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Chronic Kidney Disease

What is chronic kidney disease? How is it diagnosed?


Chronic Kidney Disease (CKD) is the gradual loss of kidney function over time.

Over 26 million Americans are affected by CKD. Damage to the kidneys can get worse over time, but with early detection and proper care its progression can be slowed or prevented.

What are the symptoms of CKD?

CKD usually has no symptoms in early stages. The only way to be sure how well your kidneys are working is to get tested.

Classic symptoms of CKD include:

Changes in urine – more or less often, unusual color, or foamy appearance

Swelling of feet and ankles, and puffy eyes

Dry, flaky or itchy skin

Back, flank, leg pain

Systemic symptoms – nausea, vomiting, tiredness, difficulty breathing, and poor appetite

How is CKD diagnosed?

CKD can be diagnosed by one or more simple test(s). Ask your doctor about these tests, as they may be abnormal:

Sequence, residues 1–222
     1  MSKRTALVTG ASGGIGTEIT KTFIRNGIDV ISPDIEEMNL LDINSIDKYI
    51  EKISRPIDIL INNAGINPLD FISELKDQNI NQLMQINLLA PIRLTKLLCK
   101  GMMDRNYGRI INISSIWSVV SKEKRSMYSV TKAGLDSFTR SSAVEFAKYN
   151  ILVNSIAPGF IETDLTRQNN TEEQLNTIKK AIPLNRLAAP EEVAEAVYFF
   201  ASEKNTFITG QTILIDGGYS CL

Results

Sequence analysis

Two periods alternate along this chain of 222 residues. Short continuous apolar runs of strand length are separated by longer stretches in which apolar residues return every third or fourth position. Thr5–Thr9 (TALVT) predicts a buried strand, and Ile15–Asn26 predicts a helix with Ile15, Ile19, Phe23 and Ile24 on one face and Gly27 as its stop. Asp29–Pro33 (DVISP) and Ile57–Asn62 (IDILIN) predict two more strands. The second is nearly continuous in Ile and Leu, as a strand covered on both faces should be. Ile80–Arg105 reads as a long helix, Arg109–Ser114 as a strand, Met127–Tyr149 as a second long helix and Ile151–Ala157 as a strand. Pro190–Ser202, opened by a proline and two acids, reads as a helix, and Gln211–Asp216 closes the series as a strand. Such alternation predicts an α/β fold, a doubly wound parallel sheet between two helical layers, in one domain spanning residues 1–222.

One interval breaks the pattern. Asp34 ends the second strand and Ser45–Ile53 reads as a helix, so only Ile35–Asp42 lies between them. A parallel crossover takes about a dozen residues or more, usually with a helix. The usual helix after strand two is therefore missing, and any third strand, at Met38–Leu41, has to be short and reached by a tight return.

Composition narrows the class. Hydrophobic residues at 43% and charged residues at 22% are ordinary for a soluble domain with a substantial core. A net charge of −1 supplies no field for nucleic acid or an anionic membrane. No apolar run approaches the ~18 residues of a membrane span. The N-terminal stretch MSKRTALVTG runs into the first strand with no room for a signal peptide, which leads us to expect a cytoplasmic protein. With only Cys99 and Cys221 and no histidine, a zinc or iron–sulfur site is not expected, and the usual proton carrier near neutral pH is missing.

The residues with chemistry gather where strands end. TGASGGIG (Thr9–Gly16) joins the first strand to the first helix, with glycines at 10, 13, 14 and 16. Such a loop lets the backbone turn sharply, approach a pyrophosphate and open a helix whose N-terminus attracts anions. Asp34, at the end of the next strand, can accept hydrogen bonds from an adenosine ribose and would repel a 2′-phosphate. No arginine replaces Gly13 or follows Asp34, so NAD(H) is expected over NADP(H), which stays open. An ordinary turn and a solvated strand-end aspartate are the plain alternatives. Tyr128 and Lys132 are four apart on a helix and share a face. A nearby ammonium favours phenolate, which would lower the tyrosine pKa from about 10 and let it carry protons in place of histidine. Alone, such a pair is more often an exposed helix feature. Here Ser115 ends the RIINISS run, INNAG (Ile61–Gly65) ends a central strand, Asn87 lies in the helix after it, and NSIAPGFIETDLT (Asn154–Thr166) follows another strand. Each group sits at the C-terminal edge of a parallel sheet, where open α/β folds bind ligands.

Blood pressure measurement

Serum creatinine

Urine test for protein and blood

eGFR (estimated Glomerular Filtration Rate)

Causes and risk factors for CKD:

Diabetes and hypertension are the most common causes

Diseases that affect the kidneys, including autoimmune diseases such as lupus

Inherited and congenital kidney diseases, or family history of kidney disease

Ingestions or exposures – smoking , NSAIDs, illicit drugs, herbal/slimming remedies

Urinary tract infection and/or obstruction, and other systemic infections both bacterial and viral

Ethnicity – African Americans, Hispanics, Native Americans

Treatment and prevention of CKD

If you treat kidney disease early, you may be able to slow its progression. If kidney disease is not treated, it can cause your kidneys to fail, and you may need dialysis or a kidney transplant.

The best way to slow or prevent kidney disease is a through a combination of medication and lifestyle changes, such as:

Maintaining a healthy blood pressure and blood sugar

Being active

Eating healthy and maintaining a healthy weight

Quiting smoking

Managing stress